I know there is a huge Jodi Picoult fan base out there, but up until now I have yet to delve into one of her emotionally fraught stories. If you haven’t heard of her, she is the author of My Sister’s Keeper which was adapted into a movie starring Cameron Diaz and Abigail Breslin back in 2009. According to NoveList (the amazing book database that allows you to search for every title and author under the sun, plus find book recommendations based on your reading preferences), Picoult can be described as writing stories that take “controversial newsworthy issues and examines them through the eyes of ordinary people… present(ing) both sides of an issue, Picoult allows readers to feel sympathetic towards characters on opposing sides of a conflict.” In reading Sing You Home this summer, I certainly have gotten a good sense of exactly that.
Sing You Home is about a once married couple (Zoe and Max) who tried unsuccessfully for years to conceive a child. Post divorce, Max, a surfer and landscaper, seeks refuge in the bottle (an old habit he semi-kicked while with Zoe) and Zoe, a music therapist, winds up falling in love with a woman named Vanessa. After a whirl wind romance, they get married in another state where same sex marriage is legal. Max on the other hand hits rock bottom and becomes a born again Christian with the help of his brother and sister-in-law (also struggling with infertility issues). After all that background, the plot really develops around the property/custody (depending on your point of view) battle over 3 embryos that Max and Zoe still have frozen for future use. It becomes an emotionally-charged debate over the concept of family, same sex parenting and religion.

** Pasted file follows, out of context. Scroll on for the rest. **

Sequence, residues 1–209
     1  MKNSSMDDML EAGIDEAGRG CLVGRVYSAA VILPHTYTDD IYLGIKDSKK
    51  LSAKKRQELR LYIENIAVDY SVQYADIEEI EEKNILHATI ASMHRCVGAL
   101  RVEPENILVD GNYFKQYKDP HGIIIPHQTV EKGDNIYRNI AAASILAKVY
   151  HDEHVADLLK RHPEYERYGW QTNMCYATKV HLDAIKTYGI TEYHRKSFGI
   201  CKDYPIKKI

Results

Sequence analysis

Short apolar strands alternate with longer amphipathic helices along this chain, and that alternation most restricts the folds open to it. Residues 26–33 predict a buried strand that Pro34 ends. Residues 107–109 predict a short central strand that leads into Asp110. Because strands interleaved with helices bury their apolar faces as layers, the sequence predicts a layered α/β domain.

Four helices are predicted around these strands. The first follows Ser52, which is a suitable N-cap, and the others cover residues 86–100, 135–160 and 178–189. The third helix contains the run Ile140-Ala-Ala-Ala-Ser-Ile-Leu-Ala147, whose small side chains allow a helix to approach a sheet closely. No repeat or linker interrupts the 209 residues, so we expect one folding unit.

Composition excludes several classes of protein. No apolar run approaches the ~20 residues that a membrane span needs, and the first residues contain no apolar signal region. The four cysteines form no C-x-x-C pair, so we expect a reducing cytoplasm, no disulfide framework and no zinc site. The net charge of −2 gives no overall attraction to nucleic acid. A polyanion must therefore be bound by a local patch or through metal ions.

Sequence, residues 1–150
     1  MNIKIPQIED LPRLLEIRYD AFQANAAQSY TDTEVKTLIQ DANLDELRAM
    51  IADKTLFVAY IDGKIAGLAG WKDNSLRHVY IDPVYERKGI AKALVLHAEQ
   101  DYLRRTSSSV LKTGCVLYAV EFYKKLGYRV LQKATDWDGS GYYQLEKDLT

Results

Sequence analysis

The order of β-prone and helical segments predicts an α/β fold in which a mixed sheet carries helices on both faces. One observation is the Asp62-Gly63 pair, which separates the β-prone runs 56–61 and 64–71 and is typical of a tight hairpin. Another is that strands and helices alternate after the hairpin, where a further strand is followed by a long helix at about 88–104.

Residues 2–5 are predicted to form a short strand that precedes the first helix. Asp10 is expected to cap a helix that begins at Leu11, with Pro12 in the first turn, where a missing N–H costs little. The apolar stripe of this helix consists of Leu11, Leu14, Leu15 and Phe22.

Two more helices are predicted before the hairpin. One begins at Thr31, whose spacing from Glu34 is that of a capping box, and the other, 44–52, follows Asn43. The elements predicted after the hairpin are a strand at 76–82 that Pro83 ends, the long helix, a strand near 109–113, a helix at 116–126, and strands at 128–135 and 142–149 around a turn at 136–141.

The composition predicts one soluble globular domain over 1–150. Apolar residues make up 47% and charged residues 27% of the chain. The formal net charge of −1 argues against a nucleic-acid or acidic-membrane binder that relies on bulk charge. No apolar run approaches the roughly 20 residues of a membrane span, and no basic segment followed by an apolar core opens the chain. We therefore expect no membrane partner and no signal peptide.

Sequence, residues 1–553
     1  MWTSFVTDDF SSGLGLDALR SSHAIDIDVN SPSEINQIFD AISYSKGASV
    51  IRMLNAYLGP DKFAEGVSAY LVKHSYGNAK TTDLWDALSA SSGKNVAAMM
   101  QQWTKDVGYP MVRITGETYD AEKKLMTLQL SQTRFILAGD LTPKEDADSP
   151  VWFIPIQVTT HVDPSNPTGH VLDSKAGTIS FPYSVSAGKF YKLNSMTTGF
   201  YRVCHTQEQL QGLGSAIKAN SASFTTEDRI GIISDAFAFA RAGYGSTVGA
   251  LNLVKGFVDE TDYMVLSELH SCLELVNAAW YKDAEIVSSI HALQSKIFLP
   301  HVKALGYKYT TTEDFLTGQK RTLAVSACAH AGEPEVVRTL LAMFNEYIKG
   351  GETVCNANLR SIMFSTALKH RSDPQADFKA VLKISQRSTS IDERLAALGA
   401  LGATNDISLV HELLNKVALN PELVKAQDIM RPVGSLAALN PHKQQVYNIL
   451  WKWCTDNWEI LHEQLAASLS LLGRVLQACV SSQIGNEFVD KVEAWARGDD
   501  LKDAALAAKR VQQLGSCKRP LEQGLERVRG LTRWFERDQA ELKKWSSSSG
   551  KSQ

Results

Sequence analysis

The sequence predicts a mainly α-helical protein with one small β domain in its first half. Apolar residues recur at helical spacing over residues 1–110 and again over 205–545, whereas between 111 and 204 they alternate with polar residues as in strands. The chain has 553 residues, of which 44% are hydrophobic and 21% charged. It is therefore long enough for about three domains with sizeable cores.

I have to give it to Picoult – she has an excellent way of articulating both sides of the coin through the eyes of the three main characters. I’ll admit that I often get home from my drive (I’m listening to the audiobook) and am so caught up in the dialogue that I rant to the first person I see (this is usually my dog) about what’s happening in the story. Since I enjoy books where I’m engaged with the characters, this one has been right up my ally. The writing is straightforward (perfect for driving) and the suspense that’s building is intense. I’m currently on the second last disc and I’m dying to know what happens in the end to all these distraught people. I’ve heard from some readers that Picoult’s books typically follow the same formula, but that isn’t necessarily a bad thing if you enjoy reading the same types of stories. How do you think James Patterson or Danielle Steel got to be so popular and successful?! Overall, this is an easy-to-read page turner that will be sure to evoke some significant emotion.
If you’re a fan of Picoult’s writing and story lines, try some of these authors (like I heard a customer say this morning, there is no shortage of reading material available at the library!):